May plans next move in Brexit fight as chances rise of delay
|National Post 20 Jan 2019 at 18:14|
LONDON ‚ÄĒ As Prime Minister Theresa May prepared her next move in Britain‚Äôs deadlocked Brexit battle, a senior opposition politician said Sunday that it‚Äôs unlikely the U.K. will leave the European Union as scheduled on March 29.
A government minister, however, warned that failure to deliver on Brexit would betray voters and unleash a ‚Äúpolitical tsunami.‚ÄĚ
May is due to present Parliament with a revised Brexit plan on Monday, after the divorce deal she had struck the EU was rejected by lawmakers last week. With just over two months until Britain is due to leave the bloc, some members of Parliament are pushing for the U.K. to delay its departure until the country‚Äôs divided politicians can agree on a way forward.
Labour Party Brexit spokesman Keir Starmer said ‚Äúit‚Äôs inevitable‚ÄĚ Britain will have to ask the EU to extend the two-year countdown to exit that ends on March 29.
‚ÄúThe 29th of March is 68 days away,‚ÄĚ Starmer told the BBC. ‚ÄúWe are absolutely not prepared for it. It would be catastrophic.‚ÄĚ
We are absolutely not prepared for it. It would be catastrophic
Britain‚Äôs political impasse over Brexit is fueling concerns that the country may crash out of the EU on March 29 with no agreement in place to cushion the shock. That could see tariffs imposed on goods moving between Britain and the EU, sparking logjams at ports and shortages of essential supplies. Many economists expect Britain to plunge into recession if there is a ‚Äúno-deal‚ÄĚ Brexit.
May‚Äôs government is split between ministers who think a disorderly departure must be avoided at all costs, and Brexit-backers who believe it would be preferable to delaying or reversing Brexit.
Former Brexit secretary Dominic Raab, who quit the government in opposition to May‚Äôs agreement with the EU, said a no-deal Brexit would have ‚Äúshort-term risks,‚ÄĚ but they would be ‚Äúmanageable.‚ÄĚ
International Trade Secretary Liam Fox wrote in the Sunday Telegraph that ‚Äúfailure to deliver Brexit would produce a yawning gap between Parliament and the people, a schism in our political system with unknowable consequences.‚ÄĚ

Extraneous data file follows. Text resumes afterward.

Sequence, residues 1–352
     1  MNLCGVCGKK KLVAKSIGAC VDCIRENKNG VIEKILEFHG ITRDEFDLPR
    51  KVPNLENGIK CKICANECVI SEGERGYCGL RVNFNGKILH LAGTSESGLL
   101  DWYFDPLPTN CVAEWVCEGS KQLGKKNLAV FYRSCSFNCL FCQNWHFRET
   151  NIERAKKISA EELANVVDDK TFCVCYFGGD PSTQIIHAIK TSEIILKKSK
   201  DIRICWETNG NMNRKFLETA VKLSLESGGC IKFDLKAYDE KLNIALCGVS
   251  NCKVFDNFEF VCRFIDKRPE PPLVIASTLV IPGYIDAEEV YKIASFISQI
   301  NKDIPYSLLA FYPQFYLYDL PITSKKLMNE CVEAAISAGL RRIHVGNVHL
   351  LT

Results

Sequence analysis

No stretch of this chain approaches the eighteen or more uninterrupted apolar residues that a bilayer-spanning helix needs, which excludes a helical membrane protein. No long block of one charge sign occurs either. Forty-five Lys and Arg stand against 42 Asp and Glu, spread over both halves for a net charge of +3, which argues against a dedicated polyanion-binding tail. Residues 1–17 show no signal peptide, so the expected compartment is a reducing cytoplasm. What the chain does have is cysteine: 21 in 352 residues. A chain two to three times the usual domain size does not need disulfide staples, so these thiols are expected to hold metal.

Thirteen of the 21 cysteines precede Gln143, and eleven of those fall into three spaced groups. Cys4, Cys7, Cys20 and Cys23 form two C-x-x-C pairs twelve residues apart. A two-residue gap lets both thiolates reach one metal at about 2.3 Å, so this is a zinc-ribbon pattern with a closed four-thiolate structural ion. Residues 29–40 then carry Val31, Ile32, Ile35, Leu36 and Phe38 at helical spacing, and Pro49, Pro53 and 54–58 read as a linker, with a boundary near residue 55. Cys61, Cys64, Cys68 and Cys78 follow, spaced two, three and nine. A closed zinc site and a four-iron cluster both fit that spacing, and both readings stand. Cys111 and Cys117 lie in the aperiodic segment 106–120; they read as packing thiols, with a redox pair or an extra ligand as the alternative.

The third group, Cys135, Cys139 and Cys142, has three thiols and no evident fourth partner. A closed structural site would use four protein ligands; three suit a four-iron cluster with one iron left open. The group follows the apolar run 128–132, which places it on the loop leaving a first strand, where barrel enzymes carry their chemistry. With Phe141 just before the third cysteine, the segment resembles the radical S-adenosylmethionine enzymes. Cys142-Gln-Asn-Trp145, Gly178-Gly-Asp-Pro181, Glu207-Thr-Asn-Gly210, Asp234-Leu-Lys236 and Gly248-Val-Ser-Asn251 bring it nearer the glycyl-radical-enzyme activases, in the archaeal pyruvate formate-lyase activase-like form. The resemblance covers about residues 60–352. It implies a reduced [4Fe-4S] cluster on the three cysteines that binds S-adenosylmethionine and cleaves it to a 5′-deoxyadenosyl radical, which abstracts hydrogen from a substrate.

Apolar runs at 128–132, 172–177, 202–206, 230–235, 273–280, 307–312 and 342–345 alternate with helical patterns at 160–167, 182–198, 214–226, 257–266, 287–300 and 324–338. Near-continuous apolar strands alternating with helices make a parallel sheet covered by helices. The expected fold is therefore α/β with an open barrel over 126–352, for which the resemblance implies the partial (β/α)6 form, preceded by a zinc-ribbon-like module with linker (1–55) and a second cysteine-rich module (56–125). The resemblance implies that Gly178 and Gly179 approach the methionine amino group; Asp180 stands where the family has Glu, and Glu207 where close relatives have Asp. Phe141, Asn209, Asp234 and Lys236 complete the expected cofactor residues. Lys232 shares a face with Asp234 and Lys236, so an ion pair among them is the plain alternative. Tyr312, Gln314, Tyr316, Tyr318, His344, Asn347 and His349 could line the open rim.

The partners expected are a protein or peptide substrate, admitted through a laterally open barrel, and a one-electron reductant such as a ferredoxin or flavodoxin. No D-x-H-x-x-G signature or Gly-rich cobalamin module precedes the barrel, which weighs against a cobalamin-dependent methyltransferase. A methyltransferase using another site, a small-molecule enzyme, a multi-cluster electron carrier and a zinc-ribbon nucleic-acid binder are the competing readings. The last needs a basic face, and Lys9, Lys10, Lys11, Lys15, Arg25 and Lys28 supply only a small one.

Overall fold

He said public anger could trigger ‚Äúa political tsunami.‚ÄĚ
A lone demonstrator stands by an entrance to Britain‚Äôs parliament in London, Friday, Jan. 18, 2019. Talks to end Britain‚Äôs Brexit stalemate appeared deadlocked Friday, with neither Prime Minister Theresa May nor the main opposition leader shifting from their entrenched positions. Kirsty Wigglesworth / ASSOCIATED PRESS
May has spent the days since her deal was thrown out meeting government and opposition lawmakers in an attempt to find a compromise. But the talks have produced few signs that May plans to make radical changes to her deal, or to lift her insistence that Brexit means leaving the EU‚Äôs single market and customs union.
Fox said one possible solution could be to strike a deal with the Irish government guaranteeing there would be no border controls between EU member Ireland and the U.K.‚Äôs Northern Ireland.
He said that could ease concerns about the deal‚Äôs most contentious measure ‚ÄĒ an insurance policy known as the ‚Äúbackstop‚ÄĚ that would keep Britain in an EU customs union to maintain an open Irish border after Brexit. Pro-Brexit lawmakers worry that Britain could be trapped indefinitely in the arrangement, bound to EU trade rules and unable to strike new deals around the world.
Irish Foreign Minister Simon Coveney, however, tweeted that the Irish government was committed to the entire withdrawal deal, ‚Äúincluding the backstop.‚ÄĚ
British lawmakers who want a softer Brexit are preparing to try to amend May‚Äôs plans in a Jan. 29 debate, and to use parliamentary rules to try to prevent a no-deal Brexit and take control of the exit process.
Conservative lawmaker Nicky Morgan said she and several opposition colleagues planned to introduce a bill to ensure ‚Äúthat if the prime minister can‚Äôt get an agreement approved by the House of Commons by the end of February,‚ÄĚ the U.K. will ask the EU to postpone its departure date ‚Äúso that we can build a consensus and get ourselves more prepared for Brexit. ‚ÄĚ
Delaying Brexit would require approval from the 27 other EU nations.
Starmer said there was a roadblock in the way of a solution to the Brexit crisis, ‚Äúand that roadblock is the prime minister.‚ÄĚ
‚ÄúHer mind is closed,‚ÄĚ he said.
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